is news, information, and guides to literary magazines, independent publishers, creative writing programs, alternative periodicals, indie bookstores, writing contests, and more.

Blue Earth Review - Spring 2010

  • Issue Number: Volume 8 Issue 2
  • Published Date: Spring 2010
  • Publication Cycle: Biannual

Published by Minnesota State University at Mankato, Blue Earth Review is a stellar compilation of poetry, fiction, and nonfiction. This happy threesome is fresh and enjoyable. There’s no niche. No artwork other than the cover. No crazy long commentaries by editors. Therefore, why go on and on about this journal’s vision? No reason as far as I can see. Let’s jump right in.

The poetry in this issue is wonderful. It’s difficult to pick a favorite, but here goes. There’s a poem called “Sauce” (Anna Clair Hodge) that has me enraptured. It begins with a description of a sauce that includes strawberries, balsamic vinegar, and pecorino cheese. Being a food enthusiast, I was hooked from the start. Halfway down the first page there’s a snowstorm, and the speaker is injured in a skiing accident. Then there’s another shift to the speaker cooking for her lover and the lover kissing her out of a sense of obligation. Finally, it miraculously ends in these last beautiful lines:

Or how when a stray dog,
one eye gone, found us
on the porch, you held her,
stroked her, said good girl,
sweet girl, most beautiful
girl in the world.

And suddenly I realized this is one of the most interestingly bittersweet, hopeful love poems I’ve ever read. The speaker is awed by the lover’s tenderness. There may have been a stray dog, but let’s admit it. The stray, injured dog is the speaker. We know from the ski accident that the speaker has been hurt. She even says she is “Hurt, / and sad for having fallen, / for not having been more.” But we also know from the last few lines that the lover is her redemption. Why s/he felt obliged to kiss the speaker earlier in the poem, we know not. But maybe that was just the beginning, the first step in a love that would blossom. We do know that the lover will accept her brokenness. It’s what we all want from our partner – unconditional love. To say so much in a meandering poem about sauce and snow and stray dogs is what I call spectacular.

On to fiction. There’s one fiction piece and four flash fiction contest winners. For my part, I’d like to have seen more fiction or longer pieces spread throughout the magazine. However, some of the flash fiction is really good. First place winner “Reverse Triggers” by Matt Siegel is a disturbing account of a mother who finds a particularly alarming folder on the family computer. The folder, as well as her daughter’s diary, details a sickening history of her daughter’s eating disorder, including pictures of “thinspiration” (women weighing as little as sixty-three pounds), pictures of “pregnant women and the grossly obese,” and entries detailing daily food intake consisting of cigarettes and sugarless gum. Not to mention the closet full of vomit jars and diet pills. Gross, disgusting, disturbing, and alarming are just not up to snuff in describing what I’m feeling right now. In fact, I have no words for this. This piece makes me feel so sick to my stomach that I know it must be good. When the mother confronts the daughter, the daughter slits her wrists, yet lives, and later goes on to therapy, gaining weight and finding happiness. But the mother keeps the folder as a reminder of what they have to be happy about. It’s a horrible kind of reminder, but no doubt effective.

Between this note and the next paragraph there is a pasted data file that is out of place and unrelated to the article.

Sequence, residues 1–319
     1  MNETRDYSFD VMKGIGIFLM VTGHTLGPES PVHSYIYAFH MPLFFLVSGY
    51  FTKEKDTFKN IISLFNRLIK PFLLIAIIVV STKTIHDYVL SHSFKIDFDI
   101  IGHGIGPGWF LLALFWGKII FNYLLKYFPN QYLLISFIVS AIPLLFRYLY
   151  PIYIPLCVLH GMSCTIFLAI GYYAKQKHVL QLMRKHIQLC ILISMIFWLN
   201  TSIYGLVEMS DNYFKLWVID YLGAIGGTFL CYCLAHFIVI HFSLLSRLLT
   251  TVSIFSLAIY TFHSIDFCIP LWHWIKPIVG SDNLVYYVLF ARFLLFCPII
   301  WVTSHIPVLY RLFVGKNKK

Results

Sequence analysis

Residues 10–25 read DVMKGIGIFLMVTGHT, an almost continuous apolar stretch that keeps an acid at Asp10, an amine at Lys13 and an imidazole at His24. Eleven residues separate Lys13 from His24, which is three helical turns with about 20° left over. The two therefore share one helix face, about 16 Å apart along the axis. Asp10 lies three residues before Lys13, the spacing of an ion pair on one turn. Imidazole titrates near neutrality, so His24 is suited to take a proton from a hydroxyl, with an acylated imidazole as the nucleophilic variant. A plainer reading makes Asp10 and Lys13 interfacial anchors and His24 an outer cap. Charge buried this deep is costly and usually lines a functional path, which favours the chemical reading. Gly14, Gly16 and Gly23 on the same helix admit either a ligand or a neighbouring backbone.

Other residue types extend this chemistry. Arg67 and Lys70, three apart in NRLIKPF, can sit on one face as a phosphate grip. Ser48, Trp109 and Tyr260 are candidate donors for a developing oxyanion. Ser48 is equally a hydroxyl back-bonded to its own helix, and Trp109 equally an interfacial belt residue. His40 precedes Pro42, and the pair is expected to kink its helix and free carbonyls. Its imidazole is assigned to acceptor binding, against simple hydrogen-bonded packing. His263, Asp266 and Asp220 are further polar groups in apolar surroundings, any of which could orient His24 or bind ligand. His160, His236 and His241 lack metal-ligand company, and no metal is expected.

Last, but not least, is the nonfiction. As an editor and avid reader looking for fresh, new nonfiction pieces, I’m often disappointed. I don’t want to read someone’s journal entry, and I don’t want to read a newspaper article. I’m sure you don’t either. Like me, you’re looking for something between too personal and too formal, and you want it to retain literary integrity. The two nonfiction pieces and one undergraduate contest winner for prose are marked by great description and dialogue as well as thoughtful and relatable introspection. My favorite is “First Kitchen” by Dionisia Morales. It describes the first date she and her future partner embark on. They sit in his kitchen with wet hair and ruddy cheeks, she wearing his oversized clothes. Anyone would believe they had just made love. But they had been hiking and were caught in a rainstorm – she is waiting for her clothes to dry, he is making dinner. It’s a short piece. It’s not that anything momentous happens. It’s that years from this first date, the author will remember this moment from their past as the beginning of something unknown. She says

I detected no sign of the mortgage we would eventually struggle to pay or the mountains of diapers we would one day change. There was no hint of how waking up naked and safe in each other’s arms would become bittersweet with the responsibilities of children, work and household chores.

Like “Sauce,” this love story is bittersweet and tender.

Blue Earth Review is a place for poetry lovers. The fiction and nonfiction are good but sparse. The introduction of contest winners and young writers is also refreshing and encouraging. But think to your tastes. For me, it tastes good. Dog-eared and spine-broken, there’s a space on my bookshelf for Blue Earth Review.

Return to List.
Review Posted on July 15, 2010

We welcome any/all Feedback.